There’s a housing shortage in Texas, and it’s affecting younger, first-time and lower-income buyers the most. That’s because, although there are fewer homes available to buyers at all income levels, it's starter homes that are in the shortest supply.
A recent analysis conducted by the real estate listing company Trulia found that nationwide, the number of starter homes on the market (defined as homes in the bottom third of all home prices) has dropped by nearly 44% over the past four years.
In Texas, the problem is even worse, with three Texas cities among the top 10 metro areas with the largest decrease of starter homes. These include San Antonio (with an 86% decrease in starter homes), Austin (82%) and Houston (74%).
Trulia attributes the national starter home shortage in part to investors, who purchased starter homes at low prices during the recession as rental properties. Additionally, many lower-priced homes are still underwater from the recession, making these homeowners unable to trade up to more expensive homes.
But according to Trulia, the most important factor contributing to the decreased supply of starter homes is the rising price of trade-up homes (homes in the middle third of home prices) and premium homes (homes in the upper third of home prices). Why? It’s because, as premium home prices rise, it is more difficult for trade-up homeowners to find premium homes in their price range. And with fewer trade-up homes on the market, those living in starter homes but looking to move up have no choice but to stay put. This “gridlock” further reduces the number of starter homes available for younger, first-time and lower-income home buyers.
How Down Payment Assistance Can Help
TSAHC’s down payment assistance programs offer home buyers a grant of up to 5% of their mortgage amount. This grant can help boost home buyers’ purchasing power when searching for a home, making homes that were previously out of reach more affordable. Our down payment grants can cover most, if not all, of a home buyer’s down payment requirement, which also allows the home buyer to save some of their own hard-earned funds for home repairs or other unanticipated expenses. And because the grant never has to be repaid, all of the home equity belongs to the homeowner when the home is sold or refinanced.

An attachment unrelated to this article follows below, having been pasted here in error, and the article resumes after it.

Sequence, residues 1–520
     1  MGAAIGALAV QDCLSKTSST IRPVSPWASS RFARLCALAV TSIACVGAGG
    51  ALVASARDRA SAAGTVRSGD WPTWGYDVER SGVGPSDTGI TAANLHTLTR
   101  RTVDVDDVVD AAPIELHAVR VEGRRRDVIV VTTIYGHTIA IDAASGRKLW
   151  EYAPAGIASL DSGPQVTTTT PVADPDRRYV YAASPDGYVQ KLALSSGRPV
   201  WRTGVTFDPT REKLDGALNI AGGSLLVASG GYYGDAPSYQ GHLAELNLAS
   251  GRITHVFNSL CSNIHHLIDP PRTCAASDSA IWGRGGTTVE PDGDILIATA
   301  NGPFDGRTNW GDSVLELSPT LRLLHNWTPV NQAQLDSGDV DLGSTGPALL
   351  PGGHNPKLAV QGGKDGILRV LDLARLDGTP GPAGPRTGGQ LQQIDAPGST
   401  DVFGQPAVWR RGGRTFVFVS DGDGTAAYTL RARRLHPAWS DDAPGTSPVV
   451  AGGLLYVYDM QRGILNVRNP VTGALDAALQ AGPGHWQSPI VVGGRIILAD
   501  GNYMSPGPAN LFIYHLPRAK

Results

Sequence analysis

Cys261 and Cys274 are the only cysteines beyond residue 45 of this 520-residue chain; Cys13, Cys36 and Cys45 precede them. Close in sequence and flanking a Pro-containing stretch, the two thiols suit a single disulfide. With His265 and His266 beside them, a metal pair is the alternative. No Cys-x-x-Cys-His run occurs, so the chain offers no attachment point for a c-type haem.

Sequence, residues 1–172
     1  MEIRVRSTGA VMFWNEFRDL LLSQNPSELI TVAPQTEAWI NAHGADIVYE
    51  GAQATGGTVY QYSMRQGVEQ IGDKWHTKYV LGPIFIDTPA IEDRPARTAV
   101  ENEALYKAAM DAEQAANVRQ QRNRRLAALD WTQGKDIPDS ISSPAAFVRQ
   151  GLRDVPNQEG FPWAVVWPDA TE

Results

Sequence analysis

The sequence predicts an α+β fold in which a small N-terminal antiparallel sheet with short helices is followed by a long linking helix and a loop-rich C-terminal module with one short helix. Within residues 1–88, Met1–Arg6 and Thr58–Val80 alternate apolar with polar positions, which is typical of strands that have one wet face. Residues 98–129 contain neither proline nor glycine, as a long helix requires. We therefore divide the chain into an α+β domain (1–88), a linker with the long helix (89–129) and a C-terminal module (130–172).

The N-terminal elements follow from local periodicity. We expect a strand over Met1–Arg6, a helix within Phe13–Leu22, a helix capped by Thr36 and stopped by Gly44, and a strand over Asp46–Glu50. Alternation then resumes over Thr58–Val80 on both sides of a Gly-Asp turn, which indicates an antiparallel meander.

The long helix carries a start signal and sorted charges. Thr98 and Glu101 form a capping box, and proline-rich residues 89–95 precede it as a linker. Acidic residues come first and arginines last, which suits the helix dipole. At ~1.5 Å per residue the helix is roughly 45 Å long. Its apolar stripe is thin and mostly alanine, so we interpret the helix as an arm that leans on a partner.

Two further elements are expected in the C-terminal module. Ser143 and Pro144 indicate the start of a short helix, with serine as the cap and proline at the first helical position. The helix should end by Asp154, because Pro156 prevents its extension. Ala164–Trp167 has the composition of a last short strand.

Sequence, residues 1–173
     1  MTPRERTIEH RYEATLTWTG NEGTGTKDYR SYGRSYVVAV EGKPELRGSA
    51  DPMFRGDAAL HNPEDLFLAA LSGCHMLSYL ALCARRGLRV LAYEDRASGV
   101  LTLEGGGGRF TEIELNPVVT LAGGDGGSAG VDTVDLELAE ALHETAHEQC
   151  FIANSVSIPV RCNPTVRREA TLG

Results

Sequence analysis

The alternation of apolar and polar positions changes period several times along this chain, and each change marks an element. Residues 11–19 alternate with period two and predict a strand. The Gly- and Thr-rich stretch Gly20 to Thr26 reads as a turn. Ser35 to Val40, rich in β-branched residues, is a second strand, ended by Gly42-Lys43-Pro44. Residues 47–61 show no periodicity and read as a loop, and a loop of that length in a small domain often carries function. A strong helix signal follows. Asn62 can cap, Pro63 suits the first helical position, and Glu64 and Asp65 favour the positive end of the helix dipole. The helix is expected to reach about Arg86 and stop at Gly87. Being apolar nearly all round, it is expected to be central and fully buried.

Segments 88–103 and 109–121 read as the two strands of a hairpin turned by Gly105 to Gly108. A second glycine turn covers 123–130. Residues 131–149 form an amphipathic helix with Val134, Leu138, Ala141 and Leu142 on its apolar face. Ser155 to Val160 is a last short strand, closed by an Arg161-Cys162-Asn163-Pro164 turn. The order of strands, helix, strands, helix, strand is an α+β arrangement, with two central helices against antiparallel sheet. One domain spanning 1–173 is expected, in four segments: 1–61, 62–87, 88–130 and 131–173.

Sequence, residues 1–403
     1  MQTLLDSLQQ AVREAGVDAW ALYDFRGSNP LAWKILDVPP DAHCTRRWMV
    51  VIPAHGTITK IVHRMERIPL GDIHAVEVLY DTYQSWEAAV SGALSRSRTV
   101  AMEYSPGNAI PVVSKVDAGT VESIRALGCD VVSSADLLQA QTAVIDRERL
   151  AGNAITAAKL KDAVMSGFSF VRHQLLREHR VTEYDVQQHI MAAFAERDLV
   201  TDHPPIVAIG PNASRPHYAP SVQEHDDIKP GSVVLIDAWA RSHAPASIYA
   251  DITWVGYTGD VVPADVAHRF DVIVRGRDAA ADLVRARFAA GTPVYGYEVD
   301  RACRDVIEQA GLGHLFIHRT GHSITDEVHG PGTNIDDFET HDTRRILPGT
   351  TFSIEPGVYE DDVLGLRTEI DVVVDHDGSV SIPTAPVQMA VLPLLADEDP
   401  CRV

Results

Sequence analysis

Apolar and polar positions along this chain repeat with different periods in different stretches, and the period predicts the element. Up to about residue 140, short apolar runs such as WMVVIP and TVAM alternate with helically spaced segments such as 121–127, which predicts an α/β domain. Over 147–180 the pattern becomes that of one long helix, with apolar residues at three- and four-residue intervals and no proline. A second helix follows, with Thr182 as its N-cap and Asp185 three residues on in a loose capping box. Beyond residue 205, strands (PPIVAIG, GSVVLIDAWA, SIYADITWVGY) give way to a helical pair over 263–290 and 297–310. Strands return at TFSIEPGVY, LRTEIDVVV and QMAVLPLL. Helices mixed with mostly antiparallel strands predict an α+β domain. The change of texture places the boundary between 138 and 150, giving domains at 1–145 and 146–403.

First-time home buyers can also qualify for TSAHC’s mortgage credit certificate (MCC) program, a tax credit that can save buyers up to $2,000 on their income taxes every year that they own their home. Lenders can count this tax savings as income when qualifying a home buyer for a mortgage, which means that the MCC program can further increase your purchasing power when buying a home.
To learn more about TSAHC’s down payment and MCC programs, visit www.readytobuyatexashome.com. We also encourage you to sign up for a webinar on June 29th for more information about our programs and the home buying process.
On the House blog posts are meant to provide general information on various housing-related issues, research and programs. We are not liable for any errors or inaccuracies in the information provided by blog sources. Furthermore, this blog is not legal advice and should not be used as a substitute for legal advice from a licensed professional attorney.